4. Use new tools to update your home inventory

If you do have storm damage, an up-to-date home inventory can smooth the way to getting your insurance claim paid more quickly. You no longer need to go through your house and write down everything; you can take photos and video of everything -- including your valuables and the architectural details of your home -- with your smart phone and e-mail it to yourself so you can access it from anywhere. Several insurance companies have apps that help you maintain your inventory and file claims online. Or you can use the Insurance Information Institute’s Know Your Stuff app or the National Association of Insurance Commissioners’ inventory app.



5. Trim trees


Fallen tree branches frequently cause damage during a hurricane, tornado or storm with high winds. If a tree damages your home, the policy will usually pay to fix your home, but it usually pays no more than $500 to $1,000 for tree removal, even though it can cost a few thousand dollars to clean up a fallen tree. This is a good time to do some yard maintenance: Trim shrubs and low-hanging tree branches, and clean your gutters of leaves and other debris so they can handle heavy rains. Do some financial maintenance, too: Add extra money to your emergency fund for any uncovered damages and to be able to pay your homeowners insurance deductible if you end up having a claim.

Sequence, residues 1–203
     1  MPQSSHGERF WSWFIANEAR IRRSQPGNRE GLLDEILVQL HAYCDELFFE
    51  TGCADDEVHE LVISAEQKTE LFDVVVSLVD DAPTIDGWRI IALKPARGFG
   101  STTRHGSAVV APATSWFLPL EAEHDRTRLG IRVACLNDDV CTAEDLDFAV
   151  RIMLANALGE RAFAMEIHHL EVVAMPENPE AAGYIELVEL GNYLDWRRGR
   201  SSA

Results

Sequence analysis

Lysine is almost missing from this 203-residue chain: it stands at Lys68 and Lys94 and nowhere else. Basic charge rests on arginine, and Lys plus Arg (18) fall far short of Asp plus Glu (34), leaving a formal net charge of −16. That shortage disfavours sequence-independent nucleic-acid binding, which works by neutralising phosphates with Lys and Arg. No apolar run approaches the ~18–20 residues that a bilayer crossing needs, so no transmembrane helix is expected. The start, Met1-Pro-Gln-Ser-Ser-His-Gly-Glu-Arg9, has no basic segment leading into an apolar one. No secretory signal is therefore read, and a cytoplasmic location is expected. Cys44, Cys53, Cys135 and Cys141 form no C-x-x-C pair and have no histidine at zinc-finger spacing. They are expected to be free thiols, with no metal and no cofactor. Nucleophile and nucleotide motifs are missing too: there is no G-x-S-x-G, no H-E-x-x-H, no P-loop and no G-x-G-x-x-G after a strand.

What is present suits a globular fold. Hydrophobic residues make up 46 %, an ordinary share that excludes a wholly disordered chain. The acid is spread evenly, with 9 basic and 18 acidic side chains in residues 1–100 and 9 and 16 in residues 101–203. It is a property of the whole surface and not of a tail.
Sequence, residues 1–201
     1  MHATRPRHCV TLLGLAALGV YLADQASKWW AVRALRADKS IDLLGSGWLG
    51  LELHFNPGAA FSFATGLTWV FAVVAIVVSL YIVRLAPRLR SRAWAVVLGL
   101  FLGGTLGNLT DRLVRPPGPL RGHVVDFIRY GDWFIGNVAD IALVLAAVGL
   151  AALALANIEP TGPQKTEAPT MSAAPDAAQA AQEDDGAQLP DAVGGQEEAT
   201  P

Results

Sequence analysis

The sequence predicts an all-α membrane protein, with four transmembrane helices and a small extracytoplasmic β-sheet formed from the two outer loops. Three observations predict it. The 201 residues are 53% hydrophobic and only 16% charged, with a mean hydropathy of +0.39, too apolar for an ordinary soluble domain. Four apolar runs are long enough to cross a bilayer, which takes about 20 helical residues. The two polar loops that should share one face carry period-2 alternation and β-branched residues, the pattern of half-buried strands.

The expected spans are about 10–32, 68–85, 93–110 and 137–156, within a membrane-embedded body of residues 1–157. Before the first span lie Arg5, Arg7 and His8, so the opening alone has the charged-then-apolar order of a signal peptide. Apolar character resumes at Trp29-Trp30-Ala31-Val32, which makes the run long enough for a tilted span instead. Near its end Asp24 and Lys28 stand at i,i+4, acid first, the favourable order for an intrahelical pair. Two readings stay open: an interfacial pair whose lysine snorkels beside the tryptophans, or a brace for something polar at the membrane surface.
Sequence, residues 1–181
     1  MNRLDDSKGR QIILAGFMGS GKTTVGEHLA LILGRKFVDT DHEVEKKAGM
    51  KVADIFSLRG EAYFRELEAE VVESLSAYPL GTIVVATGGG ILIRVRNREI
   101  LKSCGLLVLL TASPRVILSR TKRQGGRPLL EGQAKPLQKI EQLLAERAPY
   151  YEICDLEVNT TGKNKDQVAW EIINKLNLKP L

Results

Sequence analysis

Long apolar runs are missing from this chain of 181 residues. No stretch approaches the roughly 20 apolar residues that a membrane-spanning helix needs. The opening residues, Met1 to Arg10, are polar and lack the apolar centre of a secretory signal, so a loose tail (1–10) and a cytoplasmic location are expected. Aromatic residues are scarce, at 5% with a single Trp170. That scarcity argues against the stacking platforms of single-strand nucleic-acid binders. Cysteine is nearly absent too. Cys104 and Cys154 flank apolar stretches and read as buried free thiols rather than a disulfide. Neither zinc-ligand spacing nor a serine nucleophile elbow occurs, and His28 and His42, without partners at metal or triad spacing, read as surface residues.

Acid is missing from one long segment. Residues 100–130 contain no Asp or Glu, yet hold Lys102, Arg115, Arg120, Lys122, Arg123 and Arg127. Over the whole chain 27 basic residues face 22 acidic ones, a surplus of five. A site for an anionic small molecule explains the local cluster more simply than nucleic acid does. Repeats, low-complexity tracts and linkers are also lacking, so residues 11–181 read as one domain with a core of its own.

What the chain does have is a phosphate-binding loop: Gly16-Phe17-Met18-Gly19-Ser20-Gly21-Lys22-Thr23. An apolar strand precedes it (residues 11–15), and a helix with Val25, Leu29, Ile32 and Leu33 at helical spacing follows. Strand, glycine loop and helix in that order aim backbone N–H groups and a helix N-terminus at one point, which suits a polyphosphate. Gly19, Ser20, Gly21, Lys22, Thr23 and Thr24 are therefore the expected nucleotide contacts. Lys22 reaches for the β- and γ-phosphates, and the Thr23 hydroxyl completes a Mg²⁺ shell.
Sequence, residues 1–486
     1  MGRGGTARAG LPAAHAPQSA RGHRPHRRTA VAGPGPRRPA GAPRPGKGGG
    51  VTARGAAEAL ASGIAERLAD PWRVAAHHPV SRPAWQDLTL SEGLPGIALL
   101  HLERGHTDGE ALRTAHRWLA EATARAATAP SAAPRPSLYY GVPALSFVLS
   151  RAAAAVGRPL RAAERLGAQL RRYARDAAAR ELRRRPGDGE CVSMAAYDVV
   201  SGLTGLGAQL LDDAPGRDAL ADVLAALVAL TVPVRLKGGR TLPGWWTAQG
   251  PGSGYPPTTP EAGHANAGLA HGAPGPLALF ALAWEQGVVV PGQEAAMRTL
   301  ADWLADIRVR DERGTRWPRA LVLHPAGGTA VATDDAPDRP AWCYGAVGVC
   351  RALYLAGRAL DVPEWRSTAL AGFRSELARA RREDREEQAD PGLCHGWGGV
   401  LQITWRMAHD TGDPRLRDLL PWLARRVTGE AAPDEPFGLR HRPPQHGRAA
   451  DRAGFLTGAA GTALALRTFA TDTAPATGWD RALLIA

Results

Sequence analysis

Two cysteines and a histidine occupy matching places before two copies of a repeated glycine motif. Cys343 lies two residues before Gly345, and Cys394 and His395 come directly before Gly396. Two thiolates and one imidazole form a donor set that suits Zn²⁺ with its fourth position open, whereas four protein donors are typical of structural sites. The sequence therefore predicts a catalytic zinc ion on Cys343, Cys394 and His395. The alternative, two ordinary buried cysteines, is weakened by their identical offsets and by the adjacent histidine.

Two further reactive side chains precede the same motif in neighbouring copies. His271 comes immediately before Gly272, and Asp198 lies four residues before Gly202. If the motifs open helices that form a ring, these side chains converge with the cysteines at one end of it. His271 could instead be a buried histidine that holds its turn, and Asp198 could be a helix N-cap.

6. Put together a disaster kit
No matter when a disaster hits, it’s a good idea to have a battery-operated radio, flashlights and a phone that isn’t dependent on electricity in case the power is out for a while. And right before a storm, stock up on groceries and water, fully charge your cell phone and other electronics, and make sure your car has a full tank of gas. See FEMA’s fact sheet on building a disaster-supplies kit.

Meanwhile, store some cash, insurance policies, your home inventory (if it’s on paper), tax records and other important papers and contact information in a portable file you can take with you if you are evacuated. And it’s also a good idea to store as many of these documents online so they are accessible wherever you are.

More from Kiplinger:

 

 
2Comments
May 28, 2013 1:01PM
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Make sure all your cars have  full tank is important advice. After Sandy here the gas lines were rediculous and most stations were closed. You can't punmp gas without power apparently. Also make sure you have cash, stores that are open can't take credit cards or checks when the power is out.

One thing I always do before a hurricane is fil plastic ziplock bags with water and stuff them into my freezer the day before. If the power goes out I have lots of ice to keep food fresh. And as it melts I have extra water if needed.

May 28, 2013 3:24PM
avatar
I agree.  I cannot believe how many people I know who did NOT fill their gas tanks up before Sandy.  
And don't forget your pets - No power and a hungry pet is hell.